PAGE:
Well well, so why don't you tell us how you really feel? That was a pretty good lambast of Charles' post you did there. Neither he nor anyone else is advocating careless handling of the fish we catch and release. Fish handling gets a lot of exposure on this forum. However, over the top remarks or rants probably don't help any. It's important to note that, as has already been posted in this thread, that the "study" describes in the OP was bogus and the alleged high incidental mortality rate is no more real than this study that didn't occur.

    I think it's far better that our forum members read accurate information. In fact I'm beginning to think that this forum ought to have a section for scientific reports on topics like CNR mortality since the subject comes up so often. The further thought occurs to me that a person should have to read the reports before being allowed to post in any thread about CNR mortality. But where would be the fun in that, eh?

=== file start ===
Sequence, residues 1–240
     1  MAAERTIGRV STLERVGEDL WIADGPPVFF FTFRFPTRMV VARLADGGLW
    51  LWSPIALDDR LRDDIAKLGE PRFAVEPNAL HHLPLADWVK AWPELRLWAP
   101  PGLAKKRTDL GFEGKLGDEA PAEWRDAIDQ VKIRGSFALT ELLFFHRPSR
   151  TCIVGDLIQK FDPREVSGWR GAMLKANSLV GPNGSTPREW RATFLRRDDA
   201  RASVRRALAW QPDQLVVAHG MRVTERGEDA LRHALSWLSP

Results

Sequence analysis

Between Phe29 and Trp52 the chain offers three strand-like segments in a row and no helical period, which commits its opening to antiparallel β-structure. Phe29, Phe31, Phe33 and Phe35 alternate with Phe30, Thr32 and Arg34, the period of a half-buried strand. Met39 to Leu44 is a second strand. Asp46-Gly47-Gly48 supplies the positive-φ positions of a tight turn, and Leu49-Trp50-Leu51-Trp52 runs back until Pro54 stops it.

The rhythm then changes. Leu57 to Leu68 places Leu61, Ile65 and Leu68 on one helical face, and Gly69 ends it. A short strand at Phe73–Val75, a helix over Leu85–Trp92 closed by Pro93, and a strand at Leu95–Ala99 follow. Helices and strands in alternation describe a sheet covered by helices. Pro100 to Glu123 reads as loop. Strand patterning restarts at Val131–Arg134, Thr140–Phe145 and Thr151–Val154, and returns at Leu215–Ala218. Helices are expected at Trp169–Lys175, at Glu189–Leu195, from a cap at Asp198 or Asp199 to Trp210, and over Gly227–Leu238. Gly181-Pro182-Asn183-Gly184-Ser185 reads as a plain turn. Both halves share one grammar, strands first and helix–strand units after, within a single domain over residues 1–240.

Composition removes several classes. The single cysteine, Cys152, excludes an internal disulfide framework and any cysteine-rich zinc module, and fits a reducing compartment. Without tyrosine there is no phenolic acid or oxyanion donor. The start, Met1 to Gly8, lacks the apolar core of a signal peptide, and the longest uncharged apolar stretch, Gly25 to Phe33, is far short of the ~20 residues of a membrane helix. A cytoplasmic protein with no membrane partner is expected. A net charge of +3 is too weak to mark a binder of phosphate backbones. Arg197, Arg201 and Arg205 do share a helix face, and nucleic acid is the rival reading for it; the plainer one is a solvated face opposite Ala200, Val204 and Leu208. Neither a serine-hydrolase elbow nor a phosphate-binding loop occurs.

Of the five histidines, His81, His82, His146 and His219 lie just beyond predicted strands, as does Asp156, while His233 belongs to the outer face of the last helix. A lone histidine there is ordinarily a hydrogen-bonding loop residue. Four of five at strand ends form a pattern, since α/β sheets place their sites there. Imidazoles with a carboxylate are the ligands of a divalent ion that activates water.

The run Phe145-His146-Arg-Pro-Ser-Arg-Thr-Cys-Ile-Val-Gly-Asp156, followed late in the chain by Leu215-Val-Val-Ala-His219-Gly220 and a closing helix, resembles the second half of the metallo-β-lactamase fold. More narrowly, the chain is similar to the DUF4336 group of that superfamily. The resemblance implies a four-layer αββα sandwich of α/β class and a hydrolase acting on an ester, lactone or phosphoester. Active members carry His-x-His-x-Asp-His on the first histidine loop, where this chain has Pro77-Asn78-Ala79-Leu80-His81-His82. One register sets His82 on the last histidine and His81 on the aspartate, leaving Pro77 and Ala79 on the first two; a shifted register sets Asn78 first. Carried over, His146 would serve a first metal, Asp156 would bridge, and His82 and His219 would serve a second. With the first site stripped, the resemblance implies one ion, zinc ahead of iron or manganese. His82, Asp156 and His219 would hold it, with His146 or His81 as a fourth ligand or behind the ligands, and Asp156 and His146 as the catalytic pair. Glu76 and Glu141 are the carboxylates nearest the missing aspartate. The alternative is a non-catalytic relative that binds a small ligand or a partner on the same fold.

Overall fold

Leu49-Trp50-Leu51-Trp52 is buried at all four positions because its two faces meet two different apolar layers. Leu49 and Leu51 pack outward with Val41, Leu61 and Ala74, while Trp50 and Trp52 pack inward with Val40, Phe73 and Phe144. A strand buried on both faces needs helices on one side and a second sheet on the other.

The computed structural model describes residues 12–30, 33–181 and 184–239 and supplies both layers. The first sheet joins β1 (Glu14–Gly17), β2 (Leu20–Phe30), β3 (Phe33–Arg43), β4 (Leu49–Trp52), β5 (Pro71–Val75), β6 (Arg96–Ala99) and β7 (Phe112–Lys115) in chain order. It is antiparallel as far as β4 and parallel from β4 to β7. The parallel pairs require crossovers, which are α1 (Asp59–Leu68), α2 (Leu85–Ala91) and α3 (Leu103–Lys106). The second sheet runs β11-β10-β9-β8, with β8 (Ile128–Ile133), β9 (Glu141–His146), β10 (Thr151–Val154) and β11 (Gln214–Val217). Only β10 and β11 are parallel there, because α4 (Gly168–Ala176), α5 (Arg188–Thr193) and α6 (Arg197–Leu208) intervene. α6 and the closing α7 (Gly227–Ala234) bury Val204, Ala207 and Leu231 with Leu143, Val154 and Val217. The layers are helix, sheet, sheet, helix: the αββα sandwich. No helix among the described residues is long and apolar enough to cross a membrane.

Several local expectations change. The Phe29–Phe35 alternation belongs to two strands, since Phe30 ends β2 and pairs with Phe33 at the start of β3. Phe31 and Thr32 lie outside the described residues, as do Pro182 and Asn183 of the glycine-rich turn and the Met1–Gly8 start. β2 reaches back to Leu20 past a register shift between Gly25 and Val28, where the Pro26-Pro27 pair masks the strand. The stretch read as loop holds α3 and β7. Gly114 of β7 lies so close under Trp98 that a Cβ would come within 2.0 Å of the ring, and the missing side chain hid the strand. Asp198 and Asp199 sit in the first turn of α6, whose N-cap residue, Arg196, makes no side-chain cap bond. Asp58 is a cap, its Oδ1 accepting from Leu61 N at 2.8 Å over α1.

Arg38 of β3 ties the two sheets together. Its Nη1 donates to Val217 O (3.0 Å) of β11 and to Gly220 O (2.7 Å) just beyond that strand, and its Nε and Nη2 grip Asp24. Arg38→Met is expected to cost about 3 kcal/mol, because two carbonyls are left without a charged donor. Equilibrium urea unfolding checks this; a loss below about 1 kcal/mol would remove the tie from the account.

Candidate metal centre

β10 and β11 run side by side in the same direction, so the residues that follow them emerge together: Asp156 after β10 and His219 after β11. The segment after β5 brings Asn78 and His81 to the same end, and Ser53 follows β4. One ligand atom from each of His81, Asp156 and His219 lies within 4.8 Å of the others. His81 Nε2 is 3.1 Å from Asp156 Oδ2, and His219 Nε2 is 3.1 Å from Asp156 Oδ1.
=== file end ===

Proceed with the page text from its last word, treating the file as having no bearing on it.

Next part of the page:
Sg
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  3. Pat Lat Mad Flyentist

    Posts: 1,032
    Des Moines
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    Very interesting, i didn't realize that was such a factor. It does still reflect the point that morality rates vary due to a number of factors that arent always obvious
  4. Smalma Active Member

    Posts: 2,792
    Marysville, Washington